Slave ship installation connects the past and present at Akron's John Brown House
Abolitionist John Brown lived in Summit County for much of his life, including from 1844-54 in a house that's today near the Akron Zoo. It's been preserved as a museum on the Summit County Historical Society campus that also includes the Perkins Stone Mansion.
Now through Labor Day, part of the John Brown House has become “Embarqued: Stories of Soil.” The art installation originated as a dance work at New York-based SBB.
“We work regularly with materials and textiles as performers inside of our performances,” said SBB Artistic Director Stefanie Batten Bland. “[It] allows you to be immersed inside of a space, with all of your senses being awakened. That's really what's going on here.”
Batten Bland used set pieces and fabrics from the original stage work to transform parts of the John Brown House into the atmosphere of a boathouse from 200 years ago – including a representation of the sails on a slave ship.
“[It’s] a room that allows people to use rigging: They can pull sails up; they can let them drop down,” she said. “[They] invite reflection, perhaps of past sailing experiences that ancestrally brought us to moments of today.”
She’s referring to this moment in history, framed by the murder of George Floyd and – this June in Akron – the shooting of Jayland Walker following a police pursuit.
“I'm, of course, very focused on the present tense right now,” she said. “How do those past eras inform what's going on right now? Why are we still choosing similar behavioral patterns? What hasn't changed?”
Batten Bland said she hopes visitors contemplate that when they visit the John Brown House.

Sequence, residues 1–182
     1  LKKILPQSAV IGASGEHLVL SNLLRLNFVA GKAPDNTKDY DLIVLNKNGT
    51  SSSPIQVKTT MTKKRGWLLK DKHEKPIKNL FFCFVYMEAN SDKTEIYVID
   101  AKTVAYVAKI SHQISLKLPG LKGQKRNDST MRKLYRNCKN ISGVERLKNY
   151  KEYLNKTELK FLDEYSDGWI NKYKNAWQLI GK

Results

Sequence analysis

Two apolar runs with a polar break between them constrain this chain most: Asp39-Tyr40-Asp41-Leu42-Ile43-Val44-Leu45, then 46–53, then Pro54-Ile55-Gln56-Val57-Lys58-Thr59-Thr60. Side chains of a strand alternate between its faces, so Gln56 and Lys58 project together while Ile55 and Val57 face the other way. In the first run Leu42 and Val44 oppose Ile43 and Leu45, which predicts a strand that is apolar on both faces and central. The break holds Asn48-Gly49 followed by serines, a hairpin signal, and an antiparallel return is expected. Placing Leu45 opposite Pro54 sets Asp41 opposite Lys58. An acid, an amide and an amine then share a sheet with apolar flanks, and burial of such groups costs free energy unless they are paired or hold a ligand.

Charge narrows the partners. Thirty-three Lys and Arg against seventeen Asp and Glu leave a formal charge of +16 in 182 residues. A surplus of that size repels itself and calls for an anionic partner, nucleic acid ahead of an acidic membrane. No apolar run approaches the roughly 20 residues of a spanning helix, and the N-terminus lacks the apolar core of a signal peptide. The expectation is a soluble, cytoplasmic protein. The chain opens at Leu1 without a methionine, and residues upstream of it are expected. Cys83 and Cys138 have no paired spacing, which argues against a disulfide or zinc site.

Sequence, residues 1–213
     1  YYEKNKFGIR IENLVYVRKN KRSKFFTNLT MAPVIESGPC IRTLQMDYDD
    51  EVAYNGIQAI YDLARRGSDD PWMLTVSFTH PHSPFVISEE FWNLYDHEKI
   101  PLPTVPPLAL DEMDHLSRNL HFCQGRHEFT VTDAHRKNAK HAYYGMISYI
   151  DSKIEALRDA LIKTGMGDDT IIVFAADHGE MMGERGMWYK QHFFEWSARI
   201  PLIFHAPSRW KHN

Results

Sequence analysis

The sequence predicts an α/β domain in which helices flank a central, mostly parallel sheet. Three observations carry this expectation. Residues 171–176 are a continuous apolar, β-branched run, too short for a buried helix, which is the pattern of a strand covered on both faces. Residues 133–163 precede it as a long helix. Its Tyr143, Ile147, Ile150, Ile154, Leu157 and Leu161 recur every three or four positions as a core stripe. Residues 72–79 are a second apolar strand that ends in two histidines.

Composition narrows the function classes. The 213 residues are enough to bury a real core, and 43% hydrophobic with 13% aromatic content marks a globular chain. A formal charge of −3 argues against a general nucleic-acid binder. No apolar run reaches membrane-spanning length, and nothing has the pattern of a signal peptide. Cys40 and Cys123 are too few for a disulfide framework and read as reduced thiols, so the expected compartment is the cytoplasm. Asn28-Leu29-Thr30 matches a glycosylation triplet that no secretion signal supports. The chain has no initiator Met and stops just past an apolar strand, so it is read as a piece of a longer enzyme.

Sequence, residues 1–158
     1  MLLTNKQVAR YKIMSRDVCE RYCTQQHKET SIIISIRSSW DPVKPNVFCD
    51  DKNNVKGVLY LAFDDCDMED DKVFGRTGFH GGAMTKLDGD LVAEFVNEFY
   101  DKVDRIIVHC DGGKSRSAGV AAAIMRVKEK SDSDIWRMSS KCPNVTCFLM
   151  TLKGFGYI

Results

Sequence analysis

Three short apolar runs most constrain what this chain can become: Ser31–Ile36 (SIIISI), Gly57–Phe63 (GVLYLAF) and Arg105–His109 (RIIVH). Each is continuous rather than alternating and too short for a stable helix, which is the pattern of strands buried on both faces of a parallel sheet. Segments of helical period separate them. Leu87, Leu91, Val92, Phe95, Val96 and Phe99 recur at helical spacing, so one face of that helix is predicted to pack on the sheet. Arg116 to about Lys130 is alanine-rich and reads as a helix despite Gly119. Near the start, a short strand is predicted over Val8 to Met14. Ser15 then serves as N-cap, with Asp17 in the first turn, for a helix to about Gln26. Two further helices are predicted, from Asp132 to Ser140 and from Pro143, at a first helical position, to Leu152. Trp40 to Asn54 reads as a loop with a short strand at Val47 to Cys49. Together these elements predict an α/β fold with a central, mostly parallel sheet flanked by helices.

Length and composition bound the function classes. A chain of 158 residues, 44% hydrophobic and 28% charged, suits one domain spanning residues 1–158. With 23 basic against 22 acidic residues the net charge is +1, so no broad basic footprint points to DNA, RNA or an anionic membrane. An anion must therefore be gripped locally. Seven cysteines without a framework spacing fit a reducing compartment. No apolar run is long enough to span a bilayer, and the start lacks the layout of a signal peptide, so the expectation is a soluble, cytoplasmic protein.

Actress and singer Reva Golden volunteers at the Summit County Historical Society, and shows off the room 'Traces' as part of 'Embarqued: Stories of Soil.' The drawings represent the traces we leave behind in life. [Kabir Bhatia / Ideastream Public Media]
“The way that they've allowed this exhibit to be not only visual and tactile, but also to be interactive... will allow people to express themselves in a way that works best to help them with their grieving process,” said Leianne Heppner, head of the Summit County Historical Society.
One way to do that is in another room, entitled “Traces.” It’s covered in brown paper and represents the soil. People can use chalk to draw and contemplate the traces they leave behind in life.
From movement to moments
The historical society and dance company worked on adapting the dance into an exhibit with the National Center for Choreography at the University of Akron, since the original stage production was a work to be performed by dancers. Christy Bolingbroke, the choreography center’s executive director, said reimagining a dance piece as an art installation is a natural, organic progression for pieces like this one.
“It's something that's been inherent in the creative process and how Stefanie and so many artists [are] always making,” she said. “It's a very cyclical, agile work and not always a linear process. And it also came back to how the Summit County Historical Society and the John Brown House so beautifully hosted us: It is in dialogue with history, it's not always looking forward without reflecting back.”
Bolingbroke and Heppner said they hope to partner on more presentations at Historical Society venues – whether art installations or performances after “Embarqued” closes on September 3. The John Brown House is open Wednesday, Thursday and Friday from 1-3:30 p.m., and on Saturdays by appointment.